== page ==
• by aglider (2435074) on Saturday November 10, 2012 @09:41AM (#41941753) Homepage
    We only drink coffea robusta, from Brasil!
    • nasty nasty nasty plant.

      Maybe this is a case where GMO can help.....make Arabica as robust as Robusta or lower the caffeine level of Robusta so it tastes better.

  • by Anonymous Coward on Saturday November 10, 2012 @09:46AM (#41941783)

    Jesus H. Fucking Christ, and we wonder why way too many people pooh-pooh climate change claims.

  • by Anonymous Coward on Saturday November 10, 2012 @09:46AM (#41941785)

    NOAA and other reports have already stated that global temperature has no changed in 15+ years of monitoring. There are some warming trends in the northern hemisphere, but there are cooling trends in the southern hemisphere. Ice levels at the north pole are shrinking, but Antarctic ice levels are setting new records highs. There has been zero net change globally.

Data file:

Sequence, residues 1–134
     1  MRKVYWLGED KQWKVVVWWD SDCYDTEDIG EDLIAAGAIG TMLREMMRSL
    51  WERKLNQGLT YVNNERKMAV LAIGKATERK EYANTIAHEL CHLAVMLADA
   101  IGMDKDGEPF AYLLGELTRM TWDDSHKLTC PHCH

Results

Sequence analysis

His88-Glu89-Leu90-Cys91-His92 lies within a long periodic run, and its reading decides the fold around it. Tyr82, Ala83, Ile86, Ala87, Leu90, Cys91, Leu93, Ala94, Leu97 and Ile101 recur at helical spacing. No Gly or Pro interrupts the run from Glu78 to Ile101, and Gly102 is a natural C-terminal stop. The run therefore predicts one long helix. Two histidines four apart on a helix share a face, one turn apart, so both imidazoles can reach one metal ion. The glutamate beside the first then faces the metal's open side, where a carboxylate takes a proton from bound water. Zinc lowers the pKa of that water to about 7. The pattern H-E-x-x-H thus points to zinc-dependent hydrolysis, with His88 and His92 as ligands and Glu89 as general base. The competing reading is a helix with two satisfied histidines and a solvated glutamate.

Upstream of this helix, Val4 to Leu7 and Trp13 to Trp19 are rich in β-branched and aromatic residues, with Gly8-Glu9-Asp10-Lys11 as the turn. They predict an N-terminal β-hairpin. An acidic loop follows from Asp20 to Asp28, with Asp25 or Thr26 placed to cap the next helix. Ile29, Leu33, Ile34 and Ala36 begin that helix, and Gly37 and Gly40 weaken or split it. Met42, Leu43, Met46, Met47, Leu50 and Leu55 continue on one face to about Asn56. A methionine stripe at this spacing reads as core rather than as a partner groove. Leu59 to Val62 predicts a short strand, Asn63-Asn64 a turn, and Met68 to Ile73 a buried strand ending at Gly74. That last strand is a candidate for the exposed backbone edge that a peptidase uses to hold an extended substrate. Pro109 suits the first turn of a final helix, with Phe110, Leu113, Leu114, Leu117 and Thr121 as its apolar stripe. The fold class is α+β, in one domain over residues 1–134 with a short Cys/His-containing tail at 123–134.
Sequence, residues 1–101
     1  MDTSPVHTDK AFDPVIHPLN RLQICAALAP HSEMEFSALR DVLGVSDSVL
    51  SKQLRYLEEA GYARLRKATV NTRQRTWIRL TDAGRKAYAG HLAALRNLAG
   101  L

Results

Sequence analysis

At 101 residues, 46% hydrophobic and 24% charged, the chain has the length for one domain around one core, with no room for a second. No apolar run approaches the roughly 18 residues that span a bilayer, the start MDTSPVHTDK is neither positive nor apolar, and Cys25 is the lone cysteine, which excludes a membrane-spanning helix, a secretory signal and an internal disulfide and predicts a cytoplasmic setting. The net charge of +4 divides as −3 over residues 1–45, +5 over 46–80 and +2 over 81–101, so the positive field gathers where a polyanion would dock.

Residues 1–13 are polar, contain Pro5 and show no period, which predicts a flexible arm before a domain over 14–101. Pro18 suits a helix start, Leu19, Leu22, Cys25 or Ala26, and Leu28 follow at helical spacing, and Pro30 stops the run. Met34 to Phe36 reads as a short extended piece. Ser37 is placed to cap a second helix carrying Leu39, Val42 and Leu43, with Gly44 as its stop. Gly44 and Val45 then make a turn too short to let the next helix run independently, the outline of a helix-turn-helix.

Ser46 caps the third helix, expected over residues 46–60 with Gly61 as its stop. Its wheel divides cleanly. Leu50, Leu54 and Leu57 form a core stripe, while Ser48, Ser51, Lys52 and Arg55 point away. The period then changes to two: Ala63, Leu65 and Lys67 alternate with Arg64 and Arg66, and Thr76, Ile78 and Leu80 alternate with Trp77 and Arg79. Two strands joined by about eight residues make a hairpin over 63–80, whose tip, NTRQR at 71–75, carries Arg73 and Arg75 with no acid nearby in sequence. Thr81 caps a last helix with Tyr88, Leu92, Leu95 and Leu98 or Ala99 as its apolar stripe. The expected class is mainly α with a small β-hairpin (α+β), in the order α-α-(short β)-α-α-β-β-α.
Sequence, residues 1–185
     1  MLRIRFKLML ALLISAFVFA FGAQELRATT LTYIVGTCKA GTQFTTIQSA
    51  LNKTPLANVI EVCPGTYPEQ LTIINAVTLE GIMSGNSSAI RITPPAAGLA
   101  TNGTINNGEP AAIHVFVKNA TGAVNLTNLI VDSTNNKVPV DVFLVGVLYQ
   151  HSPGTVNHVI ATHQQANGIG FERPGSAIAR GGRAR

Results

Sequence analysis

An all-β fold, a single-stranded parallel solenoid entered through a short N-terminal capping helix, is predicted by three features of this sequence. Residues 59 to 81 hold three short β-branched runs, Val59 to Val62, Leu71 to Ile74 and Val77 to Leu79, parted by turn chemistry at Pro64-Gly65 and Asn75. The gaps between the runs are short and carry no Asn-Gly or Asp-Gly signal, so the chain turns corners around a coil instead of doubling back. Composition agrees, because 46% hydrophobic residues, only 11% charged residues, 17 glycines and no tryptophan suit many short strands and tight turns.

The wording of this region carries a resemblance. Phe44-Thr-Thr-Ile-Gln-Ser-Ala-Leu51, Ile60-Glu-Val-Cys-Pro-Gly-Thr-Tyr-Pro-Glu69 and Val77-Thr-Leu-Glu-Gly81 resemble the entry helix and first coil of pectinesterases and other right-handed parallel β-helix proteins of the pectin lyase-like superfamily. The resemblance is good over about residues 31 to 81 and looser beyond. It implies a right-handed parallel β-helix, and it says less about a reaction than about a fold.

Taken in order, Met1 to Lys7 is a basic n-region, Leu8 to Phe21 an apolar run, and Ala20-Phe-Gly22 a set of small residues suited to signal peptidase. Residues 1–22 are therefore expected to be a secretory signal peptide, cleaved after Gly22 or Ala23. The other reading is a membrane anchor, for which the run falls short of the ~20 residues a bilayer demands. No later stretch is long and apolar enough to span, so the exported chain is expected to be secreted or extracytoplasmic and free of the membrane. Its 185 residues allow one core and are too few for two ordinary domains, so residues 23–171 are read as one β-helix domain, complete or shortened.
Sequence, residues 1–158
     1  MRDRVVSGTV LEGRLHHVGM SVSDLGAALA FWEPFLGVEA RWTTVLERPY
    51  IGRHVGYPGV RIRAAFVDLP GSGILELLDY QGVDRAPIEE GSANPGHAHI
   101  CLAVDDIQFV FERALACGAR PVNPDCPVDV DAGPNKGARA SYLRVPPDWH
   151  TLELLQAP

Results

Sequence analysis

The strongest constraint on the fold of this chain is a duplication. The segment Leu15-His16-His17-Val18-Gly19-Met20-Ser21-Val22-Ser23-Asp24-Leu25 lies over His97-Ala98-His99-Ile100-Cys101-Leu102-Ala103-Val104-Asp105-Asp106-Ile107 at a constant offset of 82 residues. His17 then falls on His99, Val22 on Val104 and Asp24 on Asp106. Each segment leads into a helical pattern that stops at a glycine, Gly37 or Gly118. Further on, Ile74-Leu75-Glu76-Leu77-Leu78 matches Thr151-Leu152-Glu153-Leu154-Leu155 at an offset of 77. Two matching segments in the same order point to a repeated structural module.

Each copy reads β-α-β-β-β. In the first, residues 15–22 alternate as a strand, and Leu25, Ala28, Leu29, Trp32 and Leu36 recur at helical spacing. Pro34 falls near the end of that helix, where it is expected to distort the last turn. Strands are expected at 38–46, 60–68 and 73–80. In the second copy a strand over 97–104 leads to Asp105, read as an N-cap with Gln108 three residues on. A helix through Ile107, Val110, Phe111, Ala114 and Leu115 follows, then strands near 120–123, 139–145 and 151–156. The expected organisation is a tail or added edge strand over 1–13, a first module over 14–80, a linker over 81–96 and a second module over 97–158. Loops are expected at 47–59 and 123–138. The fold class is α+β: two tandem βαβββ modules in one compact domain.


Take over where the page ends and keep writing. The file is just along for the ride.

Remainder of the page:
• by Andy Prough (2730467) on Saturday November 10, 2012 @09:59AM (#41941845)
    then I'll start bicycling to work.
  • by argStyopa (232550) on Saturday November 10, 2012 @10:03AM (#41941867) Journal

    Look at a map of the world.
    It doesn't take a rocket scientist to understand that as agricultural regions shift poleward even slightly, the amount of arable land favorable to crop-growing will greatly increase.